Pastors at a pair of Chicago churches are upset after they were issued citations for continuing to hold services in violation of Illinois’ ongoing stay-at-home order.
The pastors were issued the citations by Chicago police after they held religious services with more than 10 people in attendance.
Pastor Joe Wyrostek of Metro Praise International Church has held services each of the last two weeks at his Belmont Cragin nondenominational church, but says he and his three hundred parishioners have been following rules of social distancing.
“As people come here they can be socially distant,” he said. “They come in and are seated as if they’re in a restaurant, so there’s no congregating. They’re six feet apart, just like the CDC says, and we ask them to keep masks on.”
Wyrostek says he was issued two disorderly conduct citations because of the services, and called the fines “ridiculous.”
He believes that churches should have reopened by now, and his friend and neighbor in Albany Park, Pastor Cristian Ionescu, agrees. He was also cited by the city, and has been summoned to appear in court on Aug. 12.
“If that’s what it takes to continue our mandate to serve our people, then it’s a price we are willing to pay,” Ionescu, pastor of the Elim Romanian Pentecoastal Church, said. “It’s unconstitutional, and unlawful. We believe we have been targeted by officials.”
Under Illinois’ “Restore Illinois” plan, religious services with 10 or fewer people are currently allowed, but gatherings of 50 or fewer people will not be allowed until Phase Four of the plan.
Ionescu has filed a lawsuit against Gov. J.B. Pritzker over the restrictions on religious services, and says he was scheduled to have a meeting with Chicago Mayor Lori Lightfoot, but that the call was canceled when he asked that his attorney be allowed to participate.
“If the mayor did not cancel the conference call we had, I would give her the benefit of the doubt,” he said.
Despite the citations, both pastors have said they will have church services again on Sunday.
Dr. Willie Wilson announced Wednesday that he will pay the fines for each of the churches, saying that their First Amendment rights are being violated.
“I am going to pay the fine for these three churches, that in spite of intimidation by Pritzker and Lightfoot, dared to worship,” he said. “It is shameful that the church is discriminated against while liquor stores, marijuana dispensaries and Home Depot are treated as essential businesses.”
The Chicago Police Department said in a statement that they are asking residents to stay home and practice social distancing so that once the city begins to recover and reopen, residents can return to their religious services in a safe manner.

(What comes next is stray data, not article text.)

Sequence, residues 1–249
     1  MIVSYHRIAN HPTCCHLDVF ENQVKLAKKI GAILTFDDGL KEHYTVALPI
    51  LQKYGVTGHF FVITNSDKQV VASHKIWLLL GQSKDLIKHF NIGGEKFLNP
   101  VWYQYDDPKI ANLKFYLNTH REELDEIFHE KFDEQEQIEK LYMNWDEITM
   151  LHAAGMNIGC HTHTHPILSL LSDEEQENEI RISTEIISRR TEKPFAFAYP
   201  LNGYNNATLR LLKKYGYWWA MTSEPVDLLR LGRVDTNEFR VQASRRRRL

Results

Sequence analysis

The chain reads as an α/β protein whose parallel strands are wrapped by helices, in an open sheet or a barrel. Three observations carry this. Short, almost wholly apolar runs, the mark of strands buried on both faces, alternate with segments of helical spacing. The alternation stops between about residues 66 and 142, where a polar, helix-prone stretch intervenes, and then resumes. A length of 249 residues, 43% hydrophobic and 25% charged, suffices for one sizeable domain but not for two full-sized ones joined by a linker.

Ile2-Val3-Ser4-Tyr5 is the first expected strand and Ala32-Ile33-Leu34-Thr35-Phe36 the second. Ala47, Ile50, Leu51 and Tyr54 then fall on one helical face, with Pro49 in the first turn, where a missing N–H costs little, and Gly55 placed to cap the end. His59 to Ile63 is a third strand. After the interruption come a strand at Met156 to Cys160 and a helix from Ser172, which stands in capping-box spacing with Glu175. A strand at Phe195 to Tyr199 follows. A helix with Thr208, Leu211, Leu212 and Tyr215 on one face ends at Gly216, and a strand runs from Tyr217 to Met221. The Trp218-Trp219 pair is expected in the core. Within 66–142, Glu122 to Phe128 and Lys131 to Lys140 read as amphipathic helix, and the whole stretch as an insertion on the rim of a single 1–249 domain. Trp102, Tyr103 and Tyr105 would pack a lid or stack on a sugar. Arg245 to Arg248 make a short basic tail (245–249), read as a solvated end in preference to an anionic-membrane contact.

"Officers will continue to monitor any possible large gatherings in their districts and issue any citations where necessary," CPD said in a statement.
Chicago has temporarily banned parking alongside certain establishments as a precaution to prevent planned large gatherings from taking place, according to CPD.
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Mayor Lightfoot on Monday requested that churches wait to hold services until she slowly reopens the city in June.
"We want to do it in partnership with members of the faith community and come up with guidance that others can follow," she said.
Last week a federal judge rejected a challenge to Pritzker’s authority to impose stay-at-home orders on churches in the battle against the coronavirus.
U.S. District Judge Robert Gettleman denied a request for a temporary restraining order by two churches. Elim Romanian Pentecostal Church in Chicago and Logos Baptist Ministries in Niles wanted to hold worship services while reducing seating, designating entry and exit points, offering hand sanitizer and cleaning facilities. Elim Romanian held services Sunday despite Pritzker's order.
The judge dismissed the comparison between churches and grocery stores. He asserted churches are more comparable to schools, movie theaters or concert halls, where people are also not gathering.
Pritzker has modified his order to allow the "free exercise of religion," but limited religious gatherings to no more than 10 people.
Pastor Ionescu said he'll keep his church open, even if he risks going to jail.
"Incarceration? I truly believe the mayor and the governor would not want to go there," he said. "For them it is going to be a PR disaster.”